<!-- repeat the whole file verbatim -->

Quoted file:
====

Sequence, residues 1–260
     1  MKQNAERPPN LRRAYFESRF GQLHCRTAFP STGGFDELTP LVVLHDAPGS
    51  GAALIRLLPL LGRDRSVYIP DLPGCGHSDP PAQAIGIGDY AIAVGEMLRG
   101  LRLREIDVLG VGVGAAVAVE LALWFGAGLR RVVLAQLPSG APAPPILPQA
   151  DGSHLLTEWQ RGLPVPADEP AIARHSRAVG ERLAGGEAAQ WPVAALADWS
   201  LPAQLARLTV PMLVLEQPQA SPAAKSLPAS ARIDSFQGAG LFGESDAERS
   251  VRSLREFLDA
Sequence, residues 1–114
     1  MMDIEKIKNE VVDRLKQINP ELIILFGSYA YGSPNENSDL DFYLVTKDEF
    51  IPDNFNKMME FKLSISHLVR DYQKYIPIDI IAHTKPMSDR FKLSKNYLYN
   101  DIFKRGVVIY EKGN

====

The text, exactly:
Sequence, residues 1–260
     1  MKQNAERPPN LRRAYFESRF GQLHCRTAFP STGGFDELTP LVVLHDAPGS
    51  GAALIRLLPL LGRDRSVYIP DLPGCGHSDP PAQAIGIGDY AIAVGEMLRG
   101  LRLREIDVLG VGVGAAVAVE LALWFGAGLR RVVLAQLPSG APAPPILPQA
   151  DGSHLLTEWQ RGLPVPADEP AIARHSRAVG ERLAGGEAAQ WPVAALADWS
   201  LPAQLARLTV PMLVLEQPQA SPAAKSLPAS ARIDSFQGAG LFGESDAERS
   251  VRSLREFLDA
Sequence, residues 1–114
     1  MMDIEKIKNE VVDRLKQINP ELIILFGSYA YGSPNENSDL DFYLVTKDEF
    51  IPDNFNKMME FKLSISHLVR DYQKYIPIDI IAHTKPMSDR FKLSKNYLYN
   101  DIFKRGVVIY EKGN